Friday, October 21, 2011

Rosebud Ben-Oni: 8 Reasons Why I Adore Hong Kong Heartthrob Louis Tin Lok


Please welcome Rosebud Ben-Oni to the blog with a hilarious post on her not-so-secret obsession for a certain Hong Kong Heartthrob.   Rosebud is a contributor to the anthology: Men Undressed: Women Writers and the Male Sexual Experience (Other Voices Books http://www.powells.com/biblio/62-9781936873081-0  described as fictional cross-dressing this anthology explores male sexuality from a female perspective and features a powerhouse collection of women writers so freaking talented, I'm thinking of starting a fan club.  If that description doesn't want to make you click the link immediately, then I don't know what will. 


8 Reasons why I Adore Hong Kong Heartthrob Louis Koo Tin Lok
(And You Should Too)



 Louis Koo, aka Mr. Cool, aka The Man with the Tan, aka the Mullet Man, aka...okay, you probably don’t know him. Although this actor-(questionable)-singer-(definite)-brand-hawker is not as well known in the West as other Hong Kong actors like Andy Lau or Daniel Wu, there are many a reason you should go out (NOW) and rent a Louis Koo flick.

(1)  While his romantic comedies vary from the forgettable Love on the Rocks to the inane Whi Me Sweetie? (which is worth seeing just as a lesson in overacting), most of his collaborations with auteur Johnnie To were the beginnings of Louis Koo, the Actor, especially in his role as Jimmy Jai in Election and Triad Election. While some critics believes his acting is mechanical and lacking in range, the public voted him as Most Beloved Actor in the 2006 Hong Kong Film Awards for Traid Election. I consider this a feat in itself, considering the beloved Jimmy Jai hacks up a rival gangster’s lackey, puts his limbs through a meat grinder and then feeds it to dogs chained to other gangster lackeys locked in small cells. Then, once that message is served, he has dinner with the surviving gangster lackeys.

(2)  Speaking of Johnnie To films, there are two types of people out there: those who believe Throwdown couldn’t have been made without Lous Koo and those who think he was miscast as the jaded-then-repentant Szteo Bo, whose finally-“seeing-”while-going-blind journey has all the appeal of spam floating in dishwater. But I would argue here he’s most convincing when he takes a beating for Cherrie Ying after winning big-- and losing it all-- in a gamble den. (See the scene here.)



(3)   Louis Koo is all over Mainland China though he can’t speak a lick of Mandarin. In fact, his very name has come to mean “bad Mandarin.”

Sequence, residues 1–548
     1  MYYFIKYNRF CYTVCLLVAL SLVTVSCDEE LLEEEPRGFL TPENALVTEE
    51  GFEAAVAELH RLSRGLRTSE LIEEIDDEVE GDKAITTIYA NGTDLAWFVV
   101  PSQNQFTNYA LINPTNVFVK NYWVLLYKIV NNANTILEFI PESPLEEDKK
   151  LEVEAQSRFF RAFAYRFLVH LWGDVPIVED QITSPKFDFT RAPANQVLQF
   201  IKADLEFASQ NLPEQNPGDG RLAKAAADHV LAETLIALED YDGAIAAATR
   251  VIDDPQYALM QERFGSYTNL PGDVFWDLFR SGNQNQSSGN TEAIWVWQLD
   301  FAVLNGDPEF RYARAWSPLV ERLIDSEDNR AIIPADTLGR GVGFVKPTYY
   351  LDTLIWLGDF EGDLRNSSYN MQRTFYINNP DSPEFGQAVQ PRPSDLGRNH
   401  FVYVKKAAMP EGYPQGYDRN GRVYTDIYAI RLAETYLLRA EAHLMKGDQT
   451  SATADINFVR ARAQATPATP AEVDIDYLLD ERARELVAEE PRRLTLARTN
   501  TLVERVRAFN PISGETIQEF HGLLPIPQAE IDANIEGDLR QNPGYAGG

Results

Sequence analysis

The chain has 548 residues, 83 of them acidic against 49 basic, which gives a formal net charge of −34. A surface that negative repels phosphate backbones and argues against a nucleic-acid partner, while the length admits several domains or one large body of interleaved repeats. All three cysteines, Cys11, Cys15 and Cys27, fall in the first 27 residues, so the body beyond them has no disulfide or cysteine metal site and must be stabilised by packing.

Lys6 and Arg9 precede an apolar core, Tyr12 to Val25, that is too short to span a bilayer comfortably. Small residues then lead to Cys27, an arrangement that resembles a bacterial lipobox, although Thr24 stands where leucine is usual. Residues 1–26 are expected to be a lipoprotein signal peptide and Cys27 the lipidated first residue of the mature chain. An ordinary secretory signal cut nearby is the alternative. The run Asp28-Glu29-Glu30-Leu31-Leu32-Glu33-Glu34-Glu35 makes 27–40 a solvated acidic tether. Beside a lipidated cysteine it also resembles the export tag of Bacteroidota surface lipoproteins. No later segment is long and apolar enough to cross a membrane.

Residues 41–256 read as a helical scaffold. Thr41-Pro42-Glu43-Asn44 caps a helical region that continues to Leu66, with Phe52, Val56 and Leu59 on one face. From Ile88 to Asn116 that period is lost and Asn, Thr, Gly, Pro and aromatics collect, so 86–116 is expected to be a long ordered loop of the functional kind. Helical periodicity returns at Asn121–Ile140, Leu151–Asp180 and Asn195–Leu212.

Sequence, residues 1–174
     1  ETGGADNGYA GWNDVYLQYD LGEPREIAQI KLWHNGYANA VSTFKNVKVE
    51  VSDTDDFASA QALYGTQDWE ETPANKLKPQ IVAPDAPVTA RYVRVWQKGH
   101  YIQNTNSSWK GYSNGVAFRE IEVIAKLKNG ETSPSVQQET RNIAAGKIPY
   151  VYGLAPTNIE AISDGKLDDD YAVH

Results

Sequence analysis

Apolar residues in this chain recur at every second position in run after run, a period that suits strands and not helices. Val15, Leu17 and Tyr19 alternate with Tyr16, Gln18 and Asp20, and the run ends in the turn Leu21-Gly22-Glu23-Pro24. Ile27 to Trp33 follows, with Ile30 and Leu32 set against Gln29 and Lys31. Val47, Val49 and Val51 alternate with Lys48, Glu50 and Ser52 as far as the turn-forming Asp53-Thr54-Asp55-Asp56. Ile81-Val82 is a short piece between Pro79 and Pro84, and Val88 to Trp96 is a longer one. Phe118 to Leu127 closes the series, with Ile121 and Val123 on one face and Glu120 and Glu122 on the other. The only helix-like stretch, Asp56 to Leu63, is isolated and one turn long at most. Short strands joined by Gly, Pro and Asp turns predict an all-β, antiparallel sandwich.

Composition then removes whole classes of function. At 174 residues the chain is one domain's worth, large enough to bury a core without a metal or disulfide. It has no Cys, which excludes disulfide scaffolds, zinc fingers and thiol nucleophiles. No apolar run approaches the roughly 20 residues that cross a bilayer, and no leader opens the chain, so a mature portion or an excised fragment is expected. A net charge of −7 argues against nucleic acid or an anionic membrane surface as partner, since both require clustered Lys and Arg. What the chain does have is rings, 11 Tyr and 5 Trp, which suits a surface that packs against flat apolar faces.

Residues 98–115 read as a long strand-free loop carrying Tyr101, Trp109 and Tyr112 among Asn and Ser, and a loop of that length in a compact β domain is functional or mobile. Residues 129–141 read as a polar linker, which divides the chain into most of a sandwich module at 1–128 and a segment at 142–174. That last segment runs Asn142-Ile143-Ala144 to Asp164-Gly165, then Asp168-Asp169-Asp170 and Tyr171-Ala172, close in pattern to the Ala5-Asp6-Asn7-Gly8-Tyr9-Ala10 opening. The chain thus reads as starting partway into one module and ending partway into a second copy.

Did you see that commerical where he’s caressing a tire with a creepy yet sexy smile on his face, singing the merits of lun toi instead of lun tai (because only Koo can change a “tire” into an “egg embryo”). This reminds me when I tried to thank a friend’s Auntie for a delicious Lunar New Year dinner in poetic, magniloquent Mandarin, but ended up saying something akin to, "Fishing dog, my friend, apple you bye bye." See the infamous commercial here.



(4)  Which is The Real Louis Koo? Try to guess in the first few seconds in this announcement from Madame Tussauds, just in time for the 2011 Lunar New Year.


(5)   Say what you want about acting, but as evidence in this photo  I took in a Shanghai “bodega,” as well as these random ads  from an in-flight magazine from Shanghai to Beijing, Louis Koo makes a mullet look good.    





(6b) Tone deaf? Most likely. But at least you can see the passion in his face here in this live performance 



(7) Although many of his earlier movies are prospective fodder for MST3K, I highly recommend the following: Street of Fury (triad drama featuring Tsui Kam-Kong with dreads);Super Car Criminals (Simon Lui Yu-Yeung’s facial expressions are priceless as he seduces a woman in an exercise room);  The Suspect (poor Simon Yam Tat-Yah looks so uncomfortable here) and God.com (so much is so wrong you just have to see it).  And one could argue he has the Six Degrees of Kevin Bacon
 going on, as even early on he has shared the screen with some icons like then-newcomers Daniel Wu in Born Wild, Bullets Over Summer with Francis Ng who can make any melodrama moving and lastly, the triad staple Century of the Dragon which also stared Heavenly Kind Andy Lau Tak-Wah and with a plot not unlike that of Infernal Affairs (which Lau also stared in).  Oh, and don’t forget to see the very good-looking, very incomprehensible For Bad Boys alone. (Another reason to see these is  he really doesn’t want you to.


(8) His “Before I was Mr. Cool” laugh will haunt your dreams at 0:35.






Rosebud Ben-Oni is a playwright at New Perspectives Theater; she is currently developing a new play with the company. Recently, her short story “A Way out of the Colonia” won the Editor's Prize at Camera Obscura: A  Journal of Contemporary Literature and Photography, and was nominated for a Pushcart Prize. She has recent and upcoming work in Anobium, Review Americana, Existere, Arts & Letters, and Men Undressed: Women Writers and the Male Sexual Experience. 

Tuesday, October 4, 2011

Harper Collins e-book Sale!

In celebration of National Reading Group Month The Summer We Fell Apart, along with some other really fine titles from Harper Collins, is on sale for $2.99 in e-book form.  YIPEE!  Time to load up the kindle! http://www.bookclubgirl.com/book_club_girl/2011/10/my-entry.html